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    Re: Lunars
    From: Peter Smith
    Date: 1998 Jul 01, 2:07 PM

    On Wed, 1 Jul 1998 12:15:27 GMT, Rick Emerson  asked:
    > With the anniversary of Capt. Slocum's trip at hand and my mention of
    > older editions of Bowditch, the question of how "lunars" are done has
    > come around.  Aside from a vague notion that the system has something
    > to do with tables predicting the moon's position relative to key
    > stars, I'm clueless about this technique.  Does anyone have a modern
    > source explaining this system or, pushing my luck, a source for
    > tables, trusty alarm clocks[g], etc.?
    Since the Moon moves with respect to the Sun and stars, by measuring
    the distance between it and a body near its path, one can interpolate
    the time at which that distance was current from a table of lunar
    distances -- although such tables haven't been published since the
    beginning of this century (US Nautical Almanac dropped them in 1912).
    Bowditch editions printed before before 1914 give several methods of
    solving this.  Each is based on three simultaneous observations:
    lunar altitude, a second body's altitude, and the angular distance
    from the moon to the second body.  While the key to the solution is
    the moon-body distance, the altitudes are required to compute the
    refraction and parallax corrections necessary to correct the observed
    distance from the moon's limb to the second body's limb to an actual
    distance from the moon's center to the second body's center.
    When only a single observer or instrument is available, the navigator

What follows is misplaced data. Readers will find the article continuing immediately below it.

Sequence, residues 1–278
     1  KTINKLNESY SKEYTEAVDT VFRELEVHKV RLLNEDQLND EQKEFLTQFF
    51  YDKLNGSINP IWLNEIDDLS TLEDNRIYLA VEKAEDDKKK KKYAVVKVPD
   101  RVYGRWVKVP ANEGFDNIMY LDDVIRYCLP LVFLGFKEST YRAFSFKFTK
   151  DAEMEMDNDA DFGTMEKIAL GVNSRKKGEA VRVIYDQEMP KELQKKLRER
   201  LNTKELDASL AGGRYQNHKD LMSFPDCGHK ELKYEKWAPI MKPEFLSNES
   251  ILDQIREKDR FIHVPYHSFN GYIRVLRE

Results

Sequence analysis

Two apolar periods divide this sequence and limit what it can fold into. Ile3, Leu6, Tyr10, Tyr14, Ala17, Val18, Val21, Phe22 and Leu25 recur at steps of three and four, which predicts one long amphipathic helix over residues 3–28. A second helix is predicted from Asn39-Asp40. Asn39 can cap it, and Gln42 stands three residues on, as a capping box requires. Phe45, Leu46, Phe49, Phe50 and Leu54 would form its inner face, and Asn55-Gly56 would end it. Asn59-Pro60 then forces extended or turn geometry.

must approximate the altitudes at the time of the distance sight by
    taking timed altitudes of both bodies before and after the distance
    sight.  The altitudes at the time of the distance sight are then
    interpolated by proportional logs.  Clearly, this will only be accuate
    when both the moon and the second body are well off the meridian and
    their altitudes are changing fairly linearly.  However, since the
    corrections for refraction and parrallax do not change too rapidly at
    moderate altitudes, the errors introduced by imprecition here shouldn't
    be large.
    Once the true lunar distance is calculated, the navigator enters the
    almanac.  In Bowditch's day, the Nautical Almanac tabulated the true
    distance from the moon to the sun, four major planets, and nine stars
    for every three hours.  One would use the actual distance observed
    to interpolate between tabulations and approximate the Greenwich time
    of the observation.  Given the non-linearities in the motions of the
    two bodies, this was not precise. Ol' Nat has this to say for the
    expected accuracy:
            As the moon moves in her orbit about 1' in 2m of
            time, it follows that if her angular distance can be
            ascertained from the sun or star within 1', the time
            at Greenwich will be known within 2 minutes, and the
            longitude within 30 miles.
    As for the details of the calculation behind the now-extinct tables,
    I can send you (back-channel) a posting by once (and perhaps, still)
    listmember Jeff Gottfred, who's grasp of theory and wealth of
    experience far exceeds mine.
    Peter Smith -- psmith@wellspring.us.dg.com
    Data General Corp., Westboro, Massachusetts  (for whom I do not speak)
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